Linda Thomas from Como.

Linda Thomas – Organ and tissue donation champion (Como)A former intensive care nurse, Linda Thomas understands the heartbreak that families suffer when their loved ones die. But as a clinical nurse consultant specialising in organ and tissue donation, Linda also understands the comfort that families can feel when they give the gift of life. In her work with DonateLife, Linda often makes midnight calls to families. She works closely with medical and nursing teams to ensure they can recognise potential donors – and have the skills and sensitivity to reach out to families at their most difficult time. Each year, more than 1,500 people are on organ donation waiting lists and Linda is helping to tackle Australia’s static organ and tissue donation rates. With an abiding sense of compassion and respect, whether that’s speaking to hundreds at a conference or one-on-one with a grieving family member, Linda is helping to save lives and making a difference to the people who are left behind.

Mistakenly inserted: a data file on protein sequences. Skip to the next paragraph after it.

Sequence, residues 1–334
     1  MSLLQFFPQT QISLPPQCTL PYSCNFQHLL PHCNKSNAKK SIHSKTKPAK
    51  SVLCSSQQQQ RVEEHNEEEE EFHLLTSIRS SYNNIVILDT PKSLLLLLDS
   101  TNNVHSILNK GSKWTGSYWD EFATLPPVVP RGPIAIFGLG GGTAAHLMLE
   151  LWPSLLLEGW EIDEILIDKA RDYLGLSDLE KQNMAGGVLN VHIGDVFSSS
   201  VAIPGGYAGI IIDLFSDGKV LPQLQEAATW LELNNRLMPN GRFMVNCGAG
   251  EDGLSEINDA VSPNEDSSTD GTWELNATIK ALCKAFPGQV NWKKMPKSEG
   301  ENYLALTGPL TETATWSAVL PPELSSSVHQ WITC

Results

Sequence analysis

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19/05/2019
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Comments Off on Western Australia’s Young Australian of the Year 2016: The finalists

Western Australia’s Young Australian of the Year 2016: The finalists

Catherine Hughes from Claremont.
Nanjing Night Net

Catherine Hughes, 28 – Immunisation champion (Claremont)After her youngest child Riley died from whooping cough, Catherine Hughes became an ardent campaigner for vaccination. One month old Riley was too young to be immunised against the deadly respiratory bacteria, also known as pertussis. Rather than allow her grief to overwhelm her, Catherine has channelled her energy into immunisation awareness. Within days of Riley’s death, she establishedthe “Light for Riley”Facebook page which now reaches more than 70,000 people. As a direct result of Riley’s death, every State and Territory in Australia has implemented free booster shots for pregnant women to provide the best defence against whooping cough in newborn babies. With no thought of reward, Catherine has met with politicians, attended parenting expos,raised over $70,000 for whooping cough research,instigated a viral campaign for the donation of over 45,000 vaccines to UNICEFand shared her story to ensure no other family has to live without their child due to a preventable disease.

Dr Bronwyn Jones from Perth